I was delighted to be asked to write this guest post for the Eventbrite blog.
My post shares six key trends that are redefining the customer experience – specifically in the conference and live events sector although these are mega-trends and therefore relevant to every business.
In a world where the unthinkable and the impossible are rapidly becoming the reality, the challenges for organisations and businesses are also the opportunities. The key is to understand the trends, stay focused on vision, mission and key success drivers, and to implement flexible strategies based on what will happen, what could happen, and above all, on what you want to happen.
This is the third and last of my short series of posts, distilling insights from the conference I attended on On Wednesday 15th June : The Future of the Experience Economy, organised by Eventbrite.
My previous post lamented the launch of “Project Fear 2.0” (or is it 3.0?) by the British Retail Consortium (BRC): my simple message is that the Retail sector today contains myriad wasted opportunities and latent profit potential – it just needs to learn how to grab those opportunities and fulfil that potential!
So, what is the “right way” to bring hope to the Retail sector?
Kick-ass Retail is about knowing the market, knowing what is available and finding ways to go one better. That’s why I happily walked over 20 kilometers in a day on my 27th visit to the International Spring Fair at the NEC (I’ve attended most of the Autumn Fairs too). I’ve long ago learned to shut my ears to those who say “I hate the Spring Fair. It’s too big”, or variations on the theme of “I can’t be bothered to go the extra mile (let alone the extra 12)”. Being better than the competition involves hard work, constantly evolving expertise, and the rocket fuel that is Enthusiasm.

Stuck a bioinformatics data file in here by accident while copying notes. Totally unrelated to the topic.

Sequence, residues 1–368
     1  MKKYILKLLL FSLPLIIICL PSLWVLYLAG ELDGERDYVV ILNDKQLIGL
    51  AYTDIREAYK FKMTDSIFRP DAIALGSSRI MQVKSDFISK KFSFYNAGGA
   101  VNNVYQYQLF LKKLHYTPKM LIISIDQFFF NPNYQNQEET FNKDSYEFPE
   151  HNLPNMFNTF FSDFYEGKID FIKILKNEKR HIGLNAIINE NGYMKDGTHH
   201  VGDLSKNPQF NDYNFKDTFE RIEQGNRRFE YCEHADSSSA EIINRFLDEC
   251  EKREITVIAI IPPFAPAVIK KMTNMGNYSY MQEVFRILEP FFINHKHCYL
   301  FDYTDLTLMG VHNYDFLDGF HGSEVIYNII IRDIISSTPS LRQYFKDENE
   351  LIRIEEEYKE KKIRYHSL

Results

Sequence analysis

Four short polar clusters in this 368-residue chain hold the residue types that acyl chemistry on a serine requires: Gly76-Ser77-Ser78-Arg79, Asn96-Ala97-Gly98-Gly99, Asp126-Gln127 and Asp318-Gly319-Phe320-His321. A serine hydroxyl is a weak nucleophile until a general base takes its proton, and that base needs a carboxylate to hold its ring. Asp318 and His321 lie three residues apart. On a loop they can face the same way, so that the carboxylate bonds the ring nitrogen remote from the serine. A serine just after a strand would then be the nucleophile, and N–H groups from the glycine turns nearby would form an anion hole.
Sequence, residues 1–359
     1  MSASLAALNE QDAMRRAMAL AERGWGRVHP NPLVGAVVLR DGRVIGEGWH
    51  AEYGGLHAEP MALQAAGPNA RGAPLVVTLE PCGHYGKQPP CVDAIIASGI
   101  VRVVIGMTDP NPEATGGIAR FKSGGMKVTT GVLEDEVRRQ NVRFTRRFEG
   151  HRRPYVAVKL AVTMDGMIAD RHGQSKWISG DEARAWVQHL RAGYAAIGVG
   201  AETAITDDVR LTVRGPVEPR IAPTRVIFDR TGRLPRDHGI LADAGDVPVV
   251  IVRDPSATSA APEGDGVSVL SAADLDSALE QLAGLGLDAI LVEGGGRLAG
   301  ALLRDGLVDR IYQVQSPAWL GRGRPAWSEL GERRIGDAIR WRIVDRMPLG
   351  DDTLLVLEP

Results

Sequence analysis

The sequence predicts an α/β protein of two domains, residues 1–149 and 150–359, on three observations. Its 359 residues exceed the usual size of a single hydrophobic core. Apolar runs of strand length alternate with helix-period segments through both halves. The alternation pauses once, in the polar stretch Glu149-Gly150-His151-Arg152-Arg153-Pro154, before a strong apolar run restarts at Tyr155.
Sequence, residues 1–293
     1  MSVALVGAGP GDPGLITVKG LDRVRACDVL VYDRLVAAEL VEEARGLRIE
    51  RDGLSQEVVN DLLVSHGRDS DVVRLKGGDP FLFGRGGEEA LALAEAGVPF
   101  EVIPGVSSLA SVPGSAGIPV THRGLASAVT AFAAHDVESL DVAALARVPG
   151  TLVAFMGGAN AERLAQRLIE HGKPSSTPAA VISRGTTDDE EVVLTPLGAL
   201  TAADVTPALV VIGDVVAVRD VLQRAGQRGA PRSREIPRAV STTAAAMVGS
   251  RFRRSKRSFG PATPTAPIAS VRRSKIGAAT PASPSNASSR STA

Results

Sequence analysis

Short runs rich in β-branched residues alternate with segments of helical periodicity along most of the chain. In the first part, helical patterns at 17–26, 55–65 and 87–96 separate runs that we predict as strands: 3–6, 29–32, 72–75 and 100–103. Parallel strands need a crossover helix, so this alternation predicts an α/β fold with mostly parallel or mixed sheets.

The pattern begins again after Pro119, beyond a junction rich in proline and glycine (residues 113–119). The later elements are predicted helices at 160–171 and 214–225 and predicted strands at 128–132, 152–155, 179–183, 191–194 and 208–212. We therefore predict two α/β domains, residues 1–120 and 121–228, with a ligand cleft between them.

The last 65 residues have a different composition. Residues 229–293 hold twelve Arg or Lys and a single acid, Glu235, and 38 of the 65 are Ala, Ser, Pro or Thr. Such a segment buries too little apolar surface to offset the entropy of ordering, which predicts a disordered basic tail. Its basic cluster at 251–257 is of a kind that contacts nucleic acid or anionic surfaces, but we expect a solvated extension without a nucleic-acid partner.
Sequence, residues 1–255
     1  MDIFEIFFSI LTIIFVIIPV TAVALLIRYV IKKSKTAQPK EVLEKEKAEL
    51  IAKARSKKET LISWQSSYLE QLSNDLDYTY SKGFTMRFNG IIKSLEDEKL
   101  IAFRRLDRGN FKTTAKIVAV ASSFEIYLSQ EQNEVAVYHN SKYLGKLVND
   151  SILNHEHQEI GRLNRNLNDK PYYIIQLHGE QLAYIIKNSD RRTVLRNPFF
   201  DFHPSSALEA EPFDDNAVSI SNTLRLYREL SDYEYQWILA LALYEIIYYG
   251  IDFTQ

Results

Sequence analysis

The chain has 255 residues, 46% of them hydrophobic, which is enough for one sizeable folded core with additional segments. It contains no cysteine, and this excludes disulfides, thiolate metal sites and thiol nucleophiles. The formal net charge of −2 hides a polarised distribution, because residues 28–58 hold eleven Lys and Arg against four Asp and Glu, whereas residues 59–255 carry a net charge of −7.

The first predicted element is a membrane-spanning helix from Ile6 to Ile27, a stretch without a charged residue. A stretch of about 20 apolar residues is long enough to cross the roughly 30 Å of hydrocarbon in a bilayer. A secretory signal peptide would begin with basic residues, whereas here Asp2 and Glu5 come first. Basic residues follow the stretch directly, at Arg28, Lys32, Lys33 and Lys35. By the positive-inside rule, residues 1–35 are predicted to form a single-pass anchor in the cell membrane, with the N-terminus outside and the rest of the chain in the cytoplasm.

So what are my five top tips for getting the most out of trade fairs so that you can create Kick-ass Retail?
The news that Dreamland, the reimagined amusement park in reawakening Margate, is seeking a company voluntary arrangement (CVA) in a bid to avoid going into administration, is disappointing to say the least.
Ever since Wayne Hemingway unveiled plans to reopen what was once a magnet for seaside thrill-seekers, but more recently a derelict site at risk of being turned into a housing development, there has been a buzz of anticipation around this genuinely bold and inspirational project. Promising that “It is going to be a success because it is a great idea in the right time and right place,” Hemingway could see the opportunity to tap into the “vintage” zeitgeist and create a multilayered experience, appealing to old and young alike.
So, what has gone wrong? And where does Dreamland go from here?
What do you think of when you hear the words “Business Plan”?
• A dry, weighty document, full of jargon?
• Pages of spreadsheets, showing income and profit projections?
• (Perhaps) a “Mission Statement” on the cover, with (perhaps) a picture of the CEO above it?
• Something for senior management – never to be read or engaged with by the wider Team?
Imagine if your business plan was an inspiring piece of work…
“The A-board Challenge” – could YOU ask your newest Team member, right now, to write out YOUR organisation’s “Remarkable Point of View”, in eight words (or less)? And if so, is that what you, they, and your whole organisation are striving to deliver, every day?
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